Iwan Paolucci, BME alumnus (2017)
Iwan at the Biomedical Engineering Day
"The live neurosurgery at the BME Day with image-guidance and all other technology literally “blew my mind” and I knew that this was it!"
Iwan is a PhD student in the Image-guided Therapy group at the ARTORG Center:
"My work is very diverse and one day I am writing a grant proposal or a manuscript, the next day I work with my master students in the lab, and yet another day I’m in the OR for a clinical trial - just to name a few activities. However, there is always time for a coffee break and some discussions with my colleagues."
What was your academic and professional background prior to your BME Master’s studies?
I did an apprenticeship in IT at PricewaterhouseCoopers in Basel and Zürich (2004 – 2008). Afterwards I worked as a Software Engineer at syseca-informatik AG, a small software company in Lucerne. During that time, I also did a BSc in Computer Science at the University of Applied Sciences and Technology in Lucerne, which I graduated from in 2013.
How did you get interested in biomedical engineering?
After I finished my BSc, I went travelling around the world and stayed in New Zealand for a while to improve my English skills. Another guy in my host family was an orthopedic surgeon from Tahiti, practicing for almost 30 years. Because my host father had a broken shoulder, we talked a lot about this topic. He then explained how technology helped him to provide better care for his patients. It was this time when it became clear for me that I want to apply my software engineering skills to bring solutions to health care challenges.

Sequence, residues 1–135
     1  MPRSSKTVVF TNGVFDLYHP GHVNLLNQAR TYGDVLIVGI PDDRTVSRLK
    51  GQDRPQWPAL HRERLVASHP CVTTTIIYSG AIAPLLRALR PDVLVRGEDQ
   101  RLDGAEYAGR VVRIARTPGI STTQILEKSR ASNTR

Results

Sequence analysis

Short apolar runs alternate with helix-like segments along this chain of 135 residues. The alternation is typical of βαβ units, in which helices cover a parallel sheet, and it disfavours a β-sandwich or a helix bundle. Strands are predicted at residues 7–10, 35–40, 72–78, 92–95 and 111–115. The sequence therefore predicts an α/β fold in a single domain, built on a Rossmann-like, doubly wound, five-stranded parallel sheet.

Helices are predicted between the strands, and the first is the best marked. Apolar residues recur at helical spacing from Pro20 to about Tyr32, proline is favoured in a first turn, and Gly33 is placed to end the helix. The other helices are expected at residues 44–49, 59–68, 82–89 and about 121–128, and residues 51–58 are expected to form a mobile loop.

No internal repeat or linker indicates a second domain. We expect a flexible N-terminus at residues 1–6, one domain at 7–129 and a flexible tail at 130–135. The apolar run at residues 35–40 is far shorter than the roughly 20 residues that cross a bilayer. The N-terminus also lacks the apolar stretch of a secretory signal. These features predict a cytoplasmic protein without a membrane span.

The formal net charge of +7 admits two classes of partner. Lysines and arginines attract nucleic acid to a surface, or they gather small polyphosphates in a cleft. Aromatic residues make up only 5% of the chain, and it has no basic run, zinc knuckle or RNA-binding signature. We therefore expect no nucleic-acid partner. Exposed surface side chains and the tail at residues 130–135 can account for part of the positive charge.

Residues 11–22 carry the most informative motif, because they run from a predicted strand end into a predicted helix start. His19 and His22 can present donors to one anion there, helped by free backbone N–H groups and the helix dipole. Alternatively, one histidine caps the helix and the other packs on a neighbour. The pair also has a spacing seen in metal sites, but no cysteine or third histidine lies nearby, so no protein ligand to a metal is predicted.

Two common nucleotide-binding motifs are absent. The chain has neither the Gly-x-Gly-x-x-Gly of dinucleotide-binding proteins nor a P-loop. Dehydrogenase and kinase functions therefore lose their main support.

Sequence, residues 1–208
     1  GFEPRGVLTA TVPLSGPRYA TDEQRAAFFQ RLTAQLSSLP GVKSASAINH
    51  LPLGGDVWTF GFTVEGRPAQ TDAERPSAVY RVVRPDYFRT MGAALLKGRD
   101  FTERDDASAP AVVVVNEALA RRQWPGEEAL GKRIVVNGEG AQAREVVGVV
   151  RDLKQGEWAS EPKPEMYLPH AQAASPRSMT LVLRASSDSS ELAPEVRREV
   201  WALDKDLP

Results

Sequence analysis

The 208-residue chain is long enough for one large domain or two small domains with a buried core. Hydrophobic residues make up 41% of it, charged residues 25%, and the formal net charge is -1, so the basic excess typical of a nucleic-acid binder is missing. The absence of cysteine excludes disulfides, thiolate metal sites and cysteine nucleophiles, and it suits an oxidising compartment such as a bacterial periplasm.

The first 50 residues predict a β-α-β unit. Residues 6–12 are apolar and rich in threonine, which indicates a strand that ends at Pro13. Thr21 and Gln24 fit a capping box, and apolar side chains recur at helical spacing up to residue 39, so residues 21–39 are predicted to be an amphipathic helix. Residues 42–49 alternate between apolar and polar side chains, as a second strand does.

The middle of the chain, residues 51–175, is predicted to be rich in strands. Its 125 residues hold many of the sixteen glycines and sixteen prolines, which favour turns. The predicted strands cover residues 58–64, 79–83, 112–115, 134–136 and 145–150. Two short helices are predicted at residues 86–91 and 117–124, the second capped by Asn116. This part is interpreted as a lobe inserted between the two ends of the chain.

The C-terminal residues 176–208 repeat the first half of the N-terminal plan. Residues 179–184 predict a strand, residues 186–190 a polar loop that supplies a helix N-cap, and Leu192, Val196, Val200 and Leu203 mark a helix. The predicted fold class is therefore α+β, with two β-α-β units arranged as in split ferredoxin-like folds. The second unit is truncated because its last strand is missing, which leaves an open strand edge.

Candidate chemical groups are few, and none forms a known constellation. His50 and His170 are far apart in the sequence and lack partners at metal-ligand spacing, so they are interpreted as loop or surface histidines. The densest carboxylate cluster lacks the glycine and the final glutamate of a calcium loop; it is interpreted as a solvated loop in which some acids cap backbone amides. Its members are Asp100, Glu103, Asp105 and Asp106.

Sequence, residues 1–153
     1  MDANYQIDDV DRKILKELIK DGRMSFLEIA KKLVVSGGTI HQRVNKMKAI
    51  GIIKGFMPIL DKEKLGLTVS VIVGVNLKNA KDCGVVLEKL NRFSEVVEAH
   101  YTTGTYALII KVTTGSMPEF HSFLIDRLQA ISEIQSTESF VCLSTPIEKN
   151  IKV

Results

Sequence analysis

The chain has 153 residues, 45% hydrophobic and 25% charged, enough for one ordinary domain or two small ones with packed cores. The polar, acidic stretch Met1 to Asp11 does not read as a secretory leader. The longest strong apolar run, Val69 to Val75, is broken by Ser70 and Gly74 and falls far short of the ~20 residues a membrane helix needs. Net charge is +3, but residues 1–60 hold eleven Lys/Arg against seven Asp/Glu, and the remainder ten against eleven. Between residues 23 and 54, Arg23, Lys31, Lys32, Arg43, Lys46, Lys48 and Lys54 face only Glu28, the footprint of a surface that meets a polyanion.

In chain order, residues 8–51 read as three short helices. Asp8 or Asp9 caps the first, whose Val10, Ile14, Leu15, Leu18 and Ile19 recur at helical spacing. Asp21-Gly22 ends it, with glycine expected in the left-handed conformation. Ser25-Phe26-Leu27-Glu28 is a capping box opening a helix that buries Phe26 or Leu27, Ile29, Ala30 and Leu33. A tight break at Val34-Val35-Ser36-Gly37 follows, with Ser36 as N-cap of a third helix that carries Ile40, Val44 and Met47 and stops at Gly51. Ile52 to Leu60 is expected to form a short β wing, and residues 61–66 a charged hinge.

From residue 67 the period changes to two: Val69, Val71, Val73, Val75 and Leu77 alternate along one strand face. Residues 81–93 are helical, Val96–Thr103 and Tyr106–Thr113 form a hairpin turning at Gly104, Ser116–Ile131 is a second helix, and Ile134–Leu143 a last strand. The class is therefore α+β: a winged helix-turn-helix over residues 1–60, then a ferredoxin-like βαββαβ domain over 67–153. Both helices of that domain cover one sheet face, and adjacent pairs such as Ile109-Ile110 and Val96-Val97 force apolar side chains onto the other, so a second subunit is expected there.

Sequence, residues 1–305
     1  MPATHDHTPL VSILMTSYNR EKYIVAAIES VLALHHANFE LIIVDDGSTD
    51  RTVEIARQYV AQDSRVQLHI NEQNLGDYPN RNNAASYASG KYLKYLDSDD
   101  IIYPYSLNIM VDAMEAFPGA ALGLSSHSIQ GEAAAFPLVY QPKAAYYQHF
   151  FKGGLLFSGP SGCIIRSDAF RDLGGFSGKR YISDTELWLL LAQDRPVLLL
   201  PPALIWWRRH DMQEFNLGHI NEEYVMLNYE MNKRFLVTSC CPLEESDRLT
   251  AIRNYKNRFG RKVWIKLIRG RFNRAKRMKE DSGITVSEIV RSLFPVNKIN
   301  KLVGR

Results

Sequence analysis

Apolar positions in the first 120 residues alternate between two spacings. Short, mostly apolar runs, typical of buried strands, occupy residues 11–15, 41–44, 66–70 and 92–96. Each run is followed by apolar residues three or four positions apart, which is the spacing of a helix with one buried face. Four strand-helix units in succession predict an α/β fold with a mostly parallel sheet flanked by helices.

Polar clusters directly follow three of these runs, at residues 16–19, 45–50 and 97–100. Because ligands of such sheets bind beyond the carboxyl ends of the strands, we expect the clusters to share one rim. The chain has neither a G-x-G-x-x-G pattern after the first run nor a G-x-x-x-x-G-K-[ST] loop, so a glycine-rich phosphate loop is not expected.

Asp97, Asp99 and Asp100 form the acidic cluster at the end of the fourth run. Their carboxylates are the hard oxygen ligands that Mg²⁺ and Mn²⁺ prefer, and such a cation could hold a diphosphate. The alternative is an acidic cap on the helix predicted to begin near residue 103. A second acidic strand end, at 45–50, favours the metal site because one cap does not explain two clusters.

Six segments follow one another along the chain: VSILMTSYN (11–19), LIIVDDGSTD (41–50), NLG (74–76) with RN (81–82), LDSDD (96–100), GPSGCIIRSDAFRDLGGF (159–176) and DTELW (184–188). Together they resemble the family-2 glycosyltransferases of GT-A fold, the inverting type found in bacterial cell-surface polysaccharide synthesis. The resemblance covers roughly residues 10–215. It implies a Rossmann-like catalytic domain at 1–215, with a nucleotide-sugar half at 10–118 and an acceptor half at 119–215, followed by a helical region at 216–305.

How did you come to know about the BME Master’s program? Why did you choose this program among others?
I was looking for specialized MSc programs on the interface between computer science, engineering and medicine. The choices in Switzerland at that time where limited to the University of Bern and the ETH. After I saw that the Bern program was located at the medical faculty, I went to have a look at the BME day. The live neurosurgery with image-guidance and all other technology literally “blew my mind” and I knew that this is it!
If you worked part-time during your studies: how was this experience?
Out of my 7 years at university, I studied 6 of them part-time. It was a very tough time, but I learned a lot more this way. The possibility of applying the things I learned in class to the challenges I faced at work was rewarding and helped me to deepen my knowledge. Coming out of university with industry experience was also very valuable and helped me in many ways.
What was your career plan after graduation? Where do you work now and in which position?
I continued my research from my MSc thesis and continued as a PhD at the ARTORG Center. I am currently writing my thesis about image-guidance for liver cancer treatments and will hopefully finish this summer.
Which competences / skills did you develop / gain during your studies that are useful for your present professional position?
I think the most useful part were the medical courses like anatomy, physiology and cell biology. This basic medical knowledge helps me day in day out to communicate with my collaborators from Inselspital and other clinicians around the world about clinical problems and ideas on how to solve them.
Did you discover anything new about Bern during your studies?
I grew up not too far away from Bern, so I knew the place already. But I did not know about the Medtech industry and startups in the region. I always thought that this sector is “owned” by big companies only. I was surprised to see how many start-ups emerge here and how much innovation is going on.
Share an anecdote / highlight of your time in the BME Master’s program.
Our lecturer in anatomy of the locomotor apparatus usually asked about our hobbies (skiing, motorbiking etc.) and then explained to us which bones and ligaments we are most likely to break.